City of Stratford open to settling with former Cooper site owner but not at a number 'that's far beyond' expectations

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A city official says the content of a settlement offer from former Cooper Block owner Lawrence Ryan for more than $35 million is “perplexing.”

In an offer issued Wednesday, Ryan proposed the city accept that the market value of the 4.6 hectares (11.4 acres) of land it formally expropriated from him in 2009 is $21.6 million. Ryan, also known as 135 due to his numbered Ontario company, asked the city to agree to pay another $15.3 million in statutory interests – six per cent per year since Oct. 16, 2006, as per section 33 of the Expropriation Act – and compensation for damages, losses and other expenses.

But Stratford CAO Rob Horne said they’re not sure Ryan’s solicitor is even aware of the offer.

“We’ve asked for clarification from 135’s legal counsel, because… the content is really perplexing to us, but we haven’t heard back from them,” he said late Thursday afternoon.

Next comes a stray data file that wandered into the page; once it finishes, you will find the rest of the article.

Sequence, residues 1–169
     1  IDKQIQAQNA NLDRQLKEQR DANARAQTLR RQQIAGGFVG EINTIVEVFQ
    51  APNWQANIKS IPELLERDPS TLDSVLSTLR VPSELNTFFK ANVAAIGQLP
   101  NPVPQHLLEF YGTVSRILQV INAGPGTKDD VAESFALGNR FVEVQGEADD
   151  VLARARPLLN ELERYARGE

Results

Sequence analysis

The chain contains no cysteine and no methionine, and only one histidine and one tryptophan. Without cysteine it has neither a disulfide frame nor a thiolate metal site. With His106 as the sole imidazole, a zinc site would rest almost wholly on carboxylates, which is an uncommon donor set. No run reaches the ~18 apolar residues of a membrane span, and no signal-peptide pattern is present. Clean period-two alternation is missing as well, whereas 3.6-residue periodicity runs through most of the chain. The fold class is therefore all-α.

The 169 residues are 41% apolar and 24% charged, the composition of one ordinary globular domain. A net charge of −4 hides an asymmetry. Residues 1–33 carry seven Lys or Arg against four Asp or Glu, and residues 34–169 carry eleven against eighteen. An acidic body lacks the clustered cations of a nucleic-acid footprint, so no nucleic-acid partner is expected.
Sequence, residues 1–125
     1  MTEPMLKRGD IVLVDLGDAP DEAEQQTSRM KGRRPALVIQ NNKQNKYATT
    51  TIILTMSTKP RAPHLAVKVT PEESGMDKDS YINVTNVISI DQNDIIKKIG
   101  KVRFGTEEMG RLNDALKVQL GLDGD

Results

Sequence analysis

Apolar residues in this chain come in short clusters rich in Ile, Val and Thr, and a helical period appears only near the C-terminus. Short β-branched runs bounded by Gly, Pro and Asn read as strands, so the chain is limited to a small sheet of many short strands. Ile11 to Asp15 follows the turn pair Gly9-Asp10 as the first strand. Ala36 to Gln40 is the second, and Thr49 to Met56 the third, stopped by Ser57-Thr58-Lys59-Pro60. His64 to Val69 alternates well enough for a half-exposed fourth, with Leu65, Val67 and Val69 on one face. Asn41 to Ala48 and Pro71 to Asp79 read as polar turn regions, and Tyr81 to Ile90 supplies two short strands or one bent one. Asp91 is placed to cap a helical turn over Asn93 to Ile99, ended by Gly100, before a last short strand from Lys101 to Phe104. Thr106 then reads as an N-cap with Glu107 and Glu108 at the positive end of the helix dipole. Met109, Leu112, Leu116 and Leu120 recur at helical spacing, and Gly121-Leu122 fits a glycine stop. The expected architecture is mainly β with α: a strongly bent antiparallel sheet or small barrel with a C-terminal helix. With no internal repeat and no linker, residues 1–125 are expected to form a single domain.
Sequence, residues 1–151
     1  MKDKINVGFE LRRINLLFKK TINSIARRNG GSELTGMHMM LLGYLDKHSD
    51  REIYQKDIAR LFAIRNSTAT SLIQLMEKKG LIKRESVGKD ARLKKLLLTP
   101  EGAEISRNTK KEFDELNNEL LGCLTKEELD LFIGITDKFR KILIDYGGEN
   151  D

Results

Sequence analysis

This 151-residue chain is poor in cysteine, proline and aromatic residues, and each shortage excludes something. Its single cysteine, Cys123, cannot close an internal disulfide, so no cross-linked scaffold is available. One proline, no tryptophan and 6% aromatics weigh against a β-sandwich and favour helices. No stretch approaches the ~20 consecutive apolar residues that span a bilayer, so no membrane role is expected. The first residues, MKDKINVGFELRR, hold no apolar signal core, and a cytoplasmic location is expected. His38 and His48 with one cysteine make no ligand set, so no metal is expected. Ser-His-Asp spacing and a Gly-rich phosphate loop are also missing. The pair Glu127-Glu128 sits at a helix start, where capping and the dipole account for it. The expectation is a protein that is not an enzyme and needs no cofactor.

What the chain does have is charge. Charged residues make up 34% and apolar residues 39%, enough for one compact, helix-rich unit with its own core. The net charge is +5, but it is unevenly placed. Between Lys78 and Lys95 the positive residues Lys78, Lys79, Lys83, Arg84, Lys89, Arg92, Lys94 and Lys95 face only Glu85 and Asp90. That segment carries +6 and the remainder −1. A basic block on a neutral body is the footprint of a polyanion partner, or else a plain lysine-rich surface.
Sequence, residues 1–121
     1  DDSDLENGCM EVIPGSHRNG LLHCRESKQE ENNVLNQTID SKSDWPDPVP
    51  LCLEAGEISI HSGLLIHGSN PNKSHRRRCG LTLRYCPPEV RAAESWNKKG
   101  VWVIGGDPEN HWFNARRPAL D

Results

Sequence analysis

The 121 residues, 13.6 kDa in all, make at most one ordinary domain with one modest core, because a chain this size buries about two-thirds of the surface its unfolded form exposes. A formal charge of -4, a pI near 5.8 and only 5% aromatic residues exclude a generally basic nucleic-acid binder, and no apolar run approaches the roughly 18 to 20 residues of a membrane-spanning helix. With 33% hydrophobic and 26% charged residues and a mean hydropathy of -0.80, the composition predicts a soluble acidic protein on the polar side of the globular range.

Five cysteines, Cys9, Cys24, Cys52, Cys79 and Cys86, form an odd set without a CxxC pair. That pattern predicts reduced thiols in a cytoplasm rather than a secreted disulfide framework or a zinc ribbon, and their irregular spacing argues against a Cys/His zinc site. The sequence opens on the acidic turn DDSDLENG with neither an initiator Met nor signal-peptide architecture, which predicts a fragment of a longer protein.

Horne added the offer came shortly after a court awarded costs to the city. In April, a London divisional court denied Ryan’s appeal of an October 2016 Ontario Municipal Board (OMB) ruling that dismissed a list of claims made by his lawyers. In a decision issued Tuesday on costs, the same judge ordered 135 pay $25,000 to the city in relation to the appeal.

But the issue of the market value of the property is one that still has not been determined by the OMB in the protracted legal war. The city offered $5 million for the site in 2008, but Ryan has long suggested that fair market value is closer to $25 million.

“While the City of Stratford would like to make a full and final settlement, we’re not going to settle at a value that’s far beyond the expectations of what a tribunal – which is a court or the Ontario Municipal Board – would be expected to make,” Horne said. “And all of that to the detriment of the city’s taxpayers.”

Horne said he’s not able to comment further due to ongoing litigation.

“It’s been a complex legal proceeding,” he said.

Ryan said studies and reports commissioned by the city on the potential of the site have proven him right, which is why he’s approaching the city once again with an offer instead of waiting for a ruling from the Environment and Land Tribunals Ontario, the former OMB. The offer, sent to members of council along with a request to speak to council at its June 25 meeting, will expire on July 15 of this year. If the city agrees to the offer, it would have to pay the money to Ryan’s company by Aug. 31, 2018.

Ryan added he would be willing to negotiate and would like to resolve this matter before a new council is elected.

-with files from Jonathan Juha



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